Our little Miracle Berry bush is cranking up it’s production this year. The little guy is only about a foot tall.
After roasting for a few years, I have decided I need to provide a better dark roast. My medium and light medium roasts are great, so a dark roast that is only “good” simply won’t do.
It is not the quality of the coffee bean, but rather my actual roasting process. As soon as I have the dark roast dialed in, we’ll offer it again. I may have to purchase a different type of roaster, or sort the
beans by size before roasting, so I don’t risk burning the smaller beans while the larger beans come to temperature.
It is not the quality of the coffee bean, but rather my actual roasting process. As soon as I have the dark roast dialed in, we’ll offer it again.
There are three elements I will try to address;
- A different type of roaster
- Sorting the beans to size
- My roasting talent
I will update the blog with the status as I move along this episode of Kona True.
This year we grew the best oranges I’ve ever eaten. Also there were so many oranges (even after taking them to school and sharing them with my second grade class), that I made organic marmalade. Only three ingredients: our oranges, some organic sugar, and a couple of lemons. The oranges were so sweet, that I didn’t add much sugar. It took a couple of days of picking the fruit, peeling it, slicing the zest into tiny strips, juicing the oranges, then cooking and canning the results.
I had plans to split the batch and flavor it with our Hawaiian chili peppers, and a batch with our ginger; but it was so good that I just left it simple. I didn’t even know I loved marmalade. I have eaten it often now on pieces of our fresh organic coconut instead of bread. It is better than candy.
While making the marmalade, I thought of my grandmother often and her annual gifts of pear and peach preserves, which she made from fruit from her trees and love from her heart. They were always received with much anticipation and joy.
Not sure exactly what type of orange this is. These oranges are easy to peel, seedless and seem to come in multiple sizes. The tree has gone crazy this year. It usually didn’t produce ripe fruit until December or January. This year we have ripe fruit here in September. It looks like it will continue through to December. Three years ago it looked like it was on its last leg, but has come back strong and healthy. As soon as it is done fruiting, it will get a hard pruning.
A quick snorkel outing in Honaunau Bay showed several signs of coral bleaching. Earlier this year I thought it was recovering very well from the bleaching a couple of years ago. I don’t know the cycles, but this being September, maybe the bleaching will subside.
Simple, we live here, not just here on this farm, but here on this planet. It is about the health of the animals (including humans, our family and yours), the bees, the soil, the plants, the air, and the reef. That is our beautiful daughter above enjoying the water.
I heard someone, who did not think organic was important in coffee production, say, “the act of roasting coffee burns out most the poisons.” Really? What about the poison that enters the water table, the land, and the air?
Saying “No Poison” is as much about the coffee as it is about the planet.
Enjoy our swim with the dolphins below.
One of our favorite Big Island events is the annual Holualoa Village Coffee & Art Stroll. It is part of the annual Kona Coffee Cultural Festival, which is the oldest food festival in Hawaii.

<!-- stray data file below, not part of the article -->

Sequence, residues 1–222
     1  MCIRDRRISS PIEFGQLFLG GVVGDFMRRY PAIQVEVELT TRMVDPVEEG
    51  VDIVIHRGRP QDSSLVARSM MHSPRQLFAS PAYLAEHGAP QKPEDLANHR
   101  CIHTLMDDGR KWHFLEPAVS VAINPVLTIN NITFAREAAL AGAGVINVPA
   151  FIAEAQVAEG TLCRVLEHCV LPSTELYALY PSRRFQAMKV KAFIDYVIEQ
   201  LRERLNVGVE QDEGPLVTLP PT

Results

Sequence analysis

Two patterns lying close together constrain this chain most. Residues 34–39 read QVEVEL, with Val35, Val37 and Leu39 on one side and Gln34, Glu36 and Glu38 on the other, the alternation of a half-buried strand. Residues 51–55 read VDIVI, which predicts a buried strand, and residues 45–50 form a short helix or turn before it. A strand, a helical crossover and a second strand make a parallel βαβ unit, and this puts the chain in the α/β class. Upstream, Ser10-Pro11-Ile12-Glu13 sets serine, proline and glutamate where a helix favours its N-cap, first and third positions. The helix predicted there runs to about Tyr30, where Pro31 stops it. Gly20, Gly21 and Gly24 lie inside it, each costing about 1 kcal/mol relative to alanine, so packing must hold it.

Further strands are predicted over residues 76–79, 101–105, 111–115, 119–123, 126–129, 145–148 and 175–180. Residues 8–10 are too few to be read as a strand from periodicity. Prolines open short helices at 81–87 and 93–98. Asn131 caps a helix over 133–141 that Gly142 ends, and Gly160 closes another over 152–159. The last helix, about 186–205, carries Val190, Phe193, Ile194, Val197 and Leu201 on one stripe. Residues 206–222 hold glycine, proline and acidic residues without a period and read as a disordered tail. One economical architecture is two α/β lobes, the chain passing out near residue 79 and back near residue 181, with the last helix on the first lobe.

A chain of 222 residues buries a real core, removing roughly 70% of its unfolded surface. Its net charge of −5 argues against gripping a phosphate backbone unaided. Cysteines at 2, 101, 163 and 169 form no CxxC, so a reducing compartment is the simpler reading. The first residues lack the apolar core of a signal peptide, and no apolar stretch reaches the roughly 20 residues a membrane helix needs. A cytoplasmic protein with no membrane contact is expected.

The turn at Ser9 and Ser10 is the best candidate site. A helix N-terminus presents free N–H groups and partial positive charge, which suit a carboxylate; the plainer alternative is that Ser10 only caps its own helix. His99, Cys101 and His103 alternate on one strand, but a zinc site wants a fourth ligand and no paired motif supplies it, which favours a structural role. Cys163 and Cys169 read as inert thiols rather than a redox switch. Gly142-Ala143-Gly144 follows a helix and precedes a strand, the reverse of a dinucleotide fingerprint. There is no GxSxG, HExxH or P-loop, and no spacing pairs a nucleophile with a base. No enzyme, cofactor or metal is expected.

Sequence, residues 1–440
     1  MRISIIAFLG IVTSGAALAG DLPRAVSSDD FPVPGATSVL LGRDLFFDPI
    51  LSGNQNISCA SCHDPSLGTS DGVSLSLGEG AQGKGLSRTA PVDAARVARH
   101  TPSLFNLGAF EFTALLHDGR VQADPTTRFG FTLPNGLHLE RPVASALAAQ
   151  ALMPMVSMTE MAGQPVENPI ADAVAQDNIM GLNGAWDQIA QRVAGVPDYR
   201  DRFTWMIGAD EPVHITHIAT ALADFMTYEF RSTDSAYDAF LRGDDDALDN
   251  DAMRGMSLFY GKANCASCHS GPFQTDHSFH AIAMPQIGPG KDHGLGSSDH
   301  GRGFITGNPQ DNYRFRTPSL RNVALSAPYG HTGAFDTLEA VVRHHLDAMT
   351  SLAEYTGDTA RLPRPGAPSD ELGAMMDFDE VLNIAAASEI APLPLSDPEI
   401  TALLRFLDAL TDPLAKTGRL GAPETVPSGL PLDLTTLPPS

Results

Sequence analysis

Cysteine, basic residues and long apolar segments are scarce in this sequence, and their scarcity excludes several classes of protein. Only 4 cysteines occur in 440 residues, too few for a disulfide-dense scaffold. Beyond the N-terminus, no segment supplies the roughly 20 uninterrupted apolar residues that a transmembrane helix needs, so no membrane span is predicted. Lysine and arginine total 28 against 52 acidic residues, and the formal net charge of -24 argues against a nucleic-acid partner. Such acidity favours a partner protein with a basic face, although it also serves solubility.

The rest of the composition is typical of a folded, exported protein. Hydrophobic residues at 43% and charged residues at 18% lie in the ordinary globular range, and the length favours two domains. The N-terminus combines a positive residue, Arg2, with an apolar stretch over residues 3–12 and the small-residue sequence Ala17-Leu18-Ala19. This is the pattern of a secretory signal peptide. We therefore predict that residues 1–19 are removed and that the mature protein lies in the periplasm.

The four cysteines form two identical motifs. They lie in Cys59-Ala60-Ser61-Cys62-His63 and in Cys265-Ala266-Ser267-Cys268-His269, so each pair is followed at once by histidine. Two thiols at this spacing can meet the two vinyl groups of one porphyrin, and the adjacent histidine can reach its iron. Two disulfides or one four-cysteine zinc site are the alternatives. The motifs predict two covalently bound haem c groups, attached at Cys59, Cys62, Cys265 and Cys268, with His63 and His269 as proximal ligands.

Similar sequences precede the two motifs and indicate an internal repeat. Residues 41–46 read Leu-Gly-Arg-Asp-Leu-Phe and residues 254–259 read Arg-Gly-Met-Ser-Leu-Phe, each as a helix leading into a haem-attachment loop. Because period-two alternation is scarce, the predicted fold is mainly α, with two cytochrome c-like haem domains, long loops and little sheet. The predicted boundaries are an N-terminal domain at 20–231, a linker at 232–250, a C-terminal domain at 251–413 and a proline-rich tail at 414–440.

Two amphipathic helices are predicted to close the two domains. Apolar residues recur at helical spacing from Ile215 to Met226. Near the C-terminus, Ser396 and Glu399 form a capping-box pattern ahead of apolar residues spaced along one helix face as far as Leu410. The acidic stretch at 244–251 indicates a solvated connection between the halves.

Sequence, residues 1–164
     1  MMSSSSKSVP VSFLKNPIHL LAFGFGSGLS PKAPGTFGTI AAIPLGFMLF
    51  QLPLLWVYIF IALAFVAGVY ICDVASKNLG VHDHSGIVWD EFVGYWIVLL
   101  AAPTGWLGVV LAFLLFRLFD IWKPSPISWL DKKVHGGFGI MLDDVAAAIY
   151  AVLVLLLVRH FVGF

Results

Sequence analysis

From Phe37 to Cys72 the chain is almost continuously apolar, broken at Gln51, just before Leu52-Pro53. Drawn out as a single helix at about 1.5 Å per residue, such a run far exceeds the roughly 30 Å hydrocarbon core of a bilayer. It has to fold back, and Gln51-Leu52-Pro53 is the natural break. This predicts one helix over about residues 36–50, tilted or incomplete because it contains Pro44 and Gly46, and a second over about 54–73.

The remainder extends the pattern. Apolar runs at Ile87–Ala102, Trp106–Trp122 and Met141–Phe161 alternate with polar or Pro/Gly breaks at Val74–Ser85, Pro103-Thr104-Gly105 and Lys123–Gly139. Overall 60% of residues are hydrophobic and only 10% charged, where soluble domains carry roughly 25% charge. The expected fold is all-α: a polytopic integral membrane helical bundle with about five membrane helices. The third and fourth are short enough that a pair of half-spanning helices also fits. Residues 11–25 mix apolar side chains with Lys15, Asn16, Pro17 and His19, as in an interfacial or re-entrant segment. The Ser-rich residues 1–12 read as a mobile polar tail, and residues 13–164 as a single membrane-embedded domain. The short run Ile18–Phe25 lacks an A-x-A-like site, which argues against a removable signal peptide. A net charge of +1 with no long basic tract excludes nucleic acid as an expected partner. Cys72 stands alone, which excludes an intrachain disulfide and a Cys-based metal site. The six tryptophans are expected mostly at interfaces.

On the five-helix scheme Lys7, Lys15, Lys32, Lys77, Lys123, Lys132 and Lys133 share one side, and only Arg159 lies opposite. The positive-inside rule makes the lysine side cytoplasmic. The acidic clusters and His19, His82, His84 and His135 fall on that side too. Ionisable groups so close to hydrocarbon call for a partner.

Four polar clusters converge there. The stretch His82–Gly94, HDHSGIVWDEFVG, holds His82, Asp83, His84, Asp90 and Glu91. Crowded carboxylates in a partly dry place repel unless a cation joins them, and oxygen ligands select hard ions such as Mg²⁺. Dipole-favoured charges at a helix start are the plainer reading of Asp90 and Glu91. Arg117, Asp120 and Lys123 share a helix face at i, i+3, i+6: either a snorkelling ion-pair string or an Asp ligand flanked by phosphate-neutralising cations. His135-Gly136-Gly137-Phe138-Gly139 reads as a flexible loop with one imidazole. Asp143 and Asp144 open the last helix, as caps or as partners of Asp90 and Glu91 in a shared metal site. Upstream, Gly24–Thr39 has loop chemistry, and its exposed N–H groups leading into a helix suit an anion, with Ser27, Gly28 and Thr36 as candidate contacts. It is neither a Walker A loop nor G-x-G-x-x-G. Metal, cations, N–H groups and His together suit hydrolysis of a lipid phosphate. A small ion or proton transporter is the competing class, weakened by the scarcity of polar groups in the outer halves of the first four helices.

Artist open their shops, and many coffee farmers bring their best coffee and let everyone sample them.
The first time we went to the festival the variety of flavors that were present in the coffee was surprising. So many things can influence the flavor:
- The elevation where the coffee grown
- The amount of rain, and when it fell
- Organic or not
- When it is picked
- How it is milled
- How it is dried
- How it is roasted
- How it is stored
- How it is ground
- How it is brewed
- And so much more
- We arrive early, purchase this year’s coffee pin that serves as ticket to the event, and head to Holuakoa Cafe for breakfast. Bill always gets the eggs Benedict, and I get the polenta with grilled vegetables. Delicious.
- We love talking with the other farmers. They are happy to answer questions and talk about their process and their farm.
- We sample and taste a lot of coffee; enjoy the art; and purchase baked goods, coffee, and an occasional art piece.
- If you get a chance, go! It is part of Kona Coffee Cultural Festival which is a 10-day event.
We were a finalist in the prestigious cupping competition, earning bragging rights, and pats on the back!
Our Kona True estate coffee was a finalist in the Kona Coffee Cultural Festival cupping competition. That is huge! We’re thrilled. We competed in the “Artisanal Division: Heritage profile.” That means our coffee is from a small farm that does things the traditional way, resulting in a coffee that tastes like the Kona coffee that created the Kona coffee reputation. We grew, pulped, dried, hulled, and roasted it all on our farm.
Estate coffee means that the coffee is grown on a single farm. It isn’t mixed with anyone else’s coffee.
All our Kona True coffee is single-origin coffee grown in the Kona coffee belt, estate grown on our family farm. It is 100% Kona coffee. We pulp, dry, hull, roast, and package our coffee. It never leaves our farm until it is on the way to you.
Less then half of 1% of the worlds coffee is Kona coffee. The Kona coffee belt is only about 20 miles long and 1.5 miles wide. Most of the coffee is produced on small farms that are 5 acres or less. Our farm is 9.4 acres. Only a few of the Kona farms are organic, and only a few of those process and roast their coffee.
Want more info about Kona coffee visit our Kona Coffee Farmers Association.